Sunday, August 12, 2007

Bankruptcy lite: Dark side of credit counseling - Part 2

Last year, Reilly's office cracked down on one Massachusetts credit counseling agency, Agawam-based Cambridge Credit Counseling Corp., which the attorney general claims had charged unfair fees and ran operations like a for-profit company. Reilly's lawsuit against Cambridge Credit is still pending.

Credit counselors, who legally must be nonprofit in Massachusetts, are supposed to help customers with debt management and other services. An agency typically negotiates with creditors for lower interest rate payments. Customers then hand funds over to counselors, who in turn pay off creditors.

But Barry-Smith said counselors sometimes charge upfront fees of $150 to $1,500, with monthly fees ranging from $30 to $50.

Often the fees are so high, said Barry-Smith, that they wipe out any savings customers may have gotten from lower interest rates negotiated by credit counselors.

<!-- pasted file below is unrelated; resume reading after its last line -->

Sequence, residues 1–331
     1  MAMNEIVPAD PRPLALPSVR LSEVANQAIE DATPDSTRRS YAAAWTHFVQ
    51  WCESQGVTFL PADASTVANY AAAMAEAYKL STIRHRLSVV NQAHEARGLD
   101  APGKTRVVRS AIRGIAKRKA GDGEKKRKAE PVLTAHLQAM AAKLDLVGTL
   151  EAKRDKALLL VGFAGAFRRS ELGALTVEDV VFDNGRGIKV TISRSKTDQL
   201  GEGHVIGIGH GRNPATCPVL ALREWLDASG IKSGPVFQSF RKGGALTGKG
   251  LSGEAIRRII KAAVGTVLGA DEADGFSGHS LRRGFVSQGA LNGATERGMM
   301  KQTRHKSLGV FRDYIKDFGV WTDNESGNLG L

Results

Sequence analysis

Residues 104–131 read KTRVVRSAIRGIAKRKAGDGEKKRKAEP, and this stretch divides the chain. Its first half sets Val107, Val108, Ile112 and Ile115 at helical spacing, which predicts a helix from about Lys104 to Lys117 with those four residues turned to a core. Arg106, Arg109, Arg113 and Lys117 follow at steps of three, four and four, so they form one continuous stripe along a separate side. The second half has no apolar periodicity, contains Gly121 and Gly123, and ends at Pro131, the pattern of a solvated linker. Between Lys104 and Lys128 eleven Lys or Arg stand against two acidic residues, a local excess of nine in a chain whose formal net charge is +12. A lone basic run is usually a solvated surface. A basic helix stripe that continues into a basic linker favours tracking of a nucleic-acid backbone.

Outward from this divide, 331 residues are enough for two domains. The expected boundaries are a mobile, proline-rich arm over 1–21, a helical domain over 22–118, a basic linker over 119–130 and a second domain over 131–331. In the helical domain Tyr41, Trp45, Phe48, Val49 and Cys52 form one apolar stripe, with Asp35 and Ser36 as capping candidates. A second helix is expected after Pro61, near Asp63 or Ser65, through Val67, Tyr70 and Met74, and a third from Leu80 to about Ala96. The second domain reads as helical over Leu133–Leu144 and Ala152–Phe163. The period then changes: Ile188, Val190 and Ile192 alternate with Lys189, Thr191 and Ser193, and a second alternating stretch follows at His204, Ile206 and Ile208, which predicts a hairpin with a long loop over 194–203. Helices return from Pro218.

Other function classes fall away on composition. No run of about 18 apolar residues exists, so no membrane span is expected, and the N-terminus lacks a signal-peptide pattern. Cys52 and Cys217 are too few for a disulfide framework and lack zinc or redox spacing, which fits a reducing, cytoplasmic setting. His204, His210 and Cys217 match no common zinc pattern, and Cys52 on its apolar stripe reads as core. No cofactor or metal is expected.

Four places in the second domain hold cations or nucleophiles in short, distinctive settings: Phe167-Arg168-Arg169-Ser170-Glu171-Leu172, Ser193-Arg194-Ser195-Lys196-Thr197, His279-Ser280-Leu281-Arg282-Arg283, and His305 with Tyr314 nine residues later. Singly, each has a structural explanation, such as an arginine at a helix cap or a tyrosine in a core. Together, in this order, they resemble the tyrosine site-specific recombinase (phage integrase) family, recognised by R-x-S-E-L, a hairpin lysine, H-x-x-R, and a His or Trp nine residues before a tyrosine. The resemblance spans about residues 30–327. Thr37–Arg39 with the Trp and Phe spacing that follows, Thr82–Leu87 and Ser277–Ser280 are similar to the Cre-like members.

Deanne Loonin, a staff attorney at Boston's National Consumer Law Center, said the new bankruptcy law sets no limits on fees, though the statute says they should be "reasonable.''
To make matters worse, someone who uses debt management - with payments negotiated and made through credit counselors - may see points knocked off their credit ratings for using a third party to help manage their finances.

A spokesman for Trans Union, one of the major credit-rating bureaus, acknowledged that debt management can sometimes harm consumer credit scores, depending on how it's reported to the agency by creditors.

He gave no other specifics.

However, a spokeswoman for Experian, another credit-rating firm, said her company does not view debt-management as a negative factor in credit scoring.

Nonetheless, the message a consumer sends to banks and other lenders when using debt management services is clear: I needed help to pay my bills.

Debt consolidation - in which people combine credit-card debts into one new loan account, usually at lower interest rates - may also knock a few points off of someone's rating. The theory is that people have taken out a new loan - and therefore it's a new risk.

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